Feeds

Instagram back-pedals in face of user outrage

Seeks to stem flood of users from the service

Intelligent flash storage arrays

Instagram has responded to the storm of protests from its users over proposed changes to its terms and conditions by promising to alter the language it uses and guaranteeing that it won't sell user's photos.

"Instagram users own their content and Instagram does not claim any ownership rights over your photos. Nothing about this has changed," said Instagram cofounder Kevin Systrom cofounder in a statement.

"We respect that there are creative artists and hobbyists alike that pour their heart into creating beautiful photos, and we respect that your photos are your photos. Period."

Systrom said the proposed changes to its terms and conditions were simply to allow it a little more flexibility in how it raises revenues. It wanted to try "innovative advertising that feels appropriate on Instagram," but said that would not involve using photos on the site in advertisements.

Instead, he said, Instagram had wanted to make it easier for companies to advertise themselves using the site. He gave the example of a company trying to promote itself which would be able to see if you are following it, use your photo to show that, and check which of your friends are also following it.

Privacy settings will also not change, Systrom said, guaranteeing that your photos would only be shared with people you've approved to follow you, provided you're used the private setting. Users should feel comfortable about sharing their images, he said, and the terms and conditions were being rewritten.

The last 24 hours must rank among the most unpleasant in Instagram's history. The changes kicked off huge online protests and a seeming exodus of users from the site, who were given until January 16 to remove their photos and delete their accounts if they didn't like the new terms.

The website for Instaport, which allows Instagram users to download their sepia-tinged snapshots from the site prior to removal, has been up and down frequently due to high demand. Other porting services are also reporting heavy traffic.

While Tuesday's statement may do something to stanch the flow of users from the site, it's clear that Instagram has made a major corporate mistake in announcing the changes poorly and not explaining them to panicking punters.

Ever since Mark Zuckerberg took the seemingly personal decision to shell out almost a billion dollars for the site, Facebook's management have been trying to find a way to monetize Instagram's user base and get its money back. Advertising is a logical step, but Facebook's approach has set those plans back severely.

The amended terms and conditions haven't been published as yet, but the new language will be gone over with a fine-toothed comb by the user base – and some are likely to dump the service anyway. With Flickr and Twitter both offering Instagram-like features, more and more users might decide to abandon the Facebook team and move to greener pastures, or at least someone else's sepia ones. ®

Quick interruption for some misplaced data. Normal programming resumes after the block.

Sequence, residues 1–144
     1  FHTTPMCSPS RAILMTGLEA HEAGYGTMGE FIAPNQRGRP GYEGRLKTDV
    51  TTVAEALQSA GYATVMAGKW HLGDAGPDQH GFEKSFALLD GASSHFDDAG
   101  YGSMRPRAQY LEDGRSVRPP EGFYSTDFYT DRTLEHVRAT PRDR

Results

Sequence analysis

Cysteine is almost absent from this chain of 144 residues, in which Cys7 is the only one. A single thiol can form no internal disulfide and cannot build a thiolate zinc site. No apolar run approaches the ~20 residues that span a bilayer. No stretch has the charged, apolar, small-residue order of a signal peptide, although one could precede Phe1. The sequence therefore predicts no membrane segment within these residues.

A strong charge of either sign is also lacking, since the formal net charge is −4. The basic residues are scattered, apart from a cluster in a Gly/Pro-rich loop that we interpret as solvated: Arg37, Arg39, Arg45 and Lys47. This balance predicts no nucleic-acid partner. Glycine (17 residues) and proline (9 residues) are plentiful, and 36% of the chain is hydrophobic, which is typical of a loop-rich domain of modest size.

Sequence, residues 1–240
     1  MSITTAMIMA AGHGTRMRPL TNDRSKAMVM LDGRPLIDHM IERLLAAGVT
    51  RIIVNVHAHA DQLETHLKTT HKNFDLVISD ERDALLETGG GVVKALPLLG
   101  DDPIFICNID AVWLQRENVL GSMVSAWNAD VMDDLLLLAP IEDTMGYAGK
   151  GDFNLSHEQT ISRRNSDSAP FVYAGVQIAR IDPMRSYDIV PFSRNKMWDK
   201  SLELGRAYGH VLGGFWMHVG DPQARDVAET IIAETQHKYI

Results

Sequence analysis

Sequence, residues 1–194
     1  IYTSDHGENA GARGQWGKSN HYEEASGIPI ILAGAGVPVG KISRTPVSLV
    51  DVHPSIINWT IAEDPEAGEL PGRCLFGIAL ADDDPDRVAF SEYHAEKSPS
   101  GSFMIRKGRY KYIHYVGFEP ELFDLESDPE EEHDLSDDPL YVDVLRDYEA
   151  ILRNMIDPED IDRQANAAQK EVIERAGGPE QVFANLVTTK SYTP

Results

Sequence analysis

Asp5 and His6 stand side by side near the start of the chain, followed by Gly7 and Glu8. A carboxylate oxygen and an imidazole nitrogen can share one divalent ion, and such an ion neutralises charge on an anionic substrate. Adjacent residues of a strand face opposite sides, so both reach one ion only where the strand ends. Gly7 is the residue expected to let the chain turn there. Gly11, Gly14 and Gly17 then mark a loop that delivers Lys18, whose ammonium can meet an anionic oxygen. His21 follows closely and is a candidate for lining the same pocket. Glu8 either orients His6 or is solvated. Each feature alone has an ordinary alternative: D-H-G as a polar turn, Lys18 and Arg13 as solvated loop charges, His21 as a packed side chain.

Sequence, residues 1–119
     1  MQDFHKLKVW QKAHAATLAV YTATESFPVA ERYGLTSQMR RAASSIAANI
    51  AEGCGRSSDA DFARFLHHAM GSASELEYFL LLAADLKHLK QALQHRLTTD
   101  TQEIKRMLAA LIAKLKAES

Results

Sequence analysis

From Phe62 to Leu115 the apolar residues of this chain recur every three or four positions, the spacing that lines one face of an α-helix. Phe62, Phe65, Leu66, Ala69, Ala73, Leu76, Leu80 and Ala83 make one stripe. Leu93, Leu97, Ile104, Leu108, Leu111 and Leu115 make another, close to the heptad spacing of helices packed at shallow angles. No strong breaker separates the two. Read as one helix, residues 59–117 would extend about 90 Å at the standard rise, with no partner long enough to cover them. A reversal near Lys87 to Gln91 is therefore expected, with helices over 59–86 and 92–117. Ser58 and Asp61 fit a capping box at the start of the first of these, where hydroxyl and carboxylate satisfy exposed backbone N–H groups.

Internet Security Threat Report 2014

More from The Register

next story
The 'fun-nification' of computer education – good idea?
Compulsory code schools, luvvies love it, but what about Maths and Physics?
Facebook, Apple: LADIES! Why not FREEZE your EGGS? It's on the company!
No biological clockwatching when you work in Silicon Valley
Lords take revenge on REVENGE PORN publishers
Jilted Johns and Jennies with busy fingers face two years inside
Yes, yes, Steve Jobs. Look what I'VE done for you lately – Tim Cook
New iPhone biz baron points to Apple's (his) greatest successes
Happiness economics is bollocks. Oh, UK.gov just adopted it? Er ...
Opportunity doesn't knock; it costs us instead
Ex-US Navy fighter pilot MIT prof: Drones beat humans - I should know
'Missy' Cummings on UAVs, smartcars and dying from boredom
Sysadmin with EBOLA? Gartner's issued advice to debug your biz
Start hoarding cleaning supplies, analyst firm says, and assume your team will scatter
Edward who? GCHQ boss dodges Snowden topic during last speech
UK spies would rather 'walk' than do 'mass surveillance'
prev story

Whitepapers

Forging a new future with identity relationship management
Learn about ForgeRock's next generation IRM platform and how it is designed to empower CEOS's and enterprises to engage with consumers.
Why and how to choose the right cloud vendor
The benefits of cloud-based storage in your processes. Eliminate onsite, disk-based backup and archiving in favor of cloud-based data protection.
Three 1TB solid state scorchers up for grabs
Big SSDs can be expensive but think big and think free because you could be the lucky winner of one of three 1TB Samsung SSD 840 EVO drives that we’re giving away worth over £300 apiece.
Reg Reader Research: SaaS based Email and Office Productivity Tools
Read this Reg reader report which provides advice and guidance for SMBs towards the use of SaaS based email and Office productivity tools.
Security for virtualized datacentres
Legacy security solutions are inefficient due to the architectural differences between physical and virtual environments.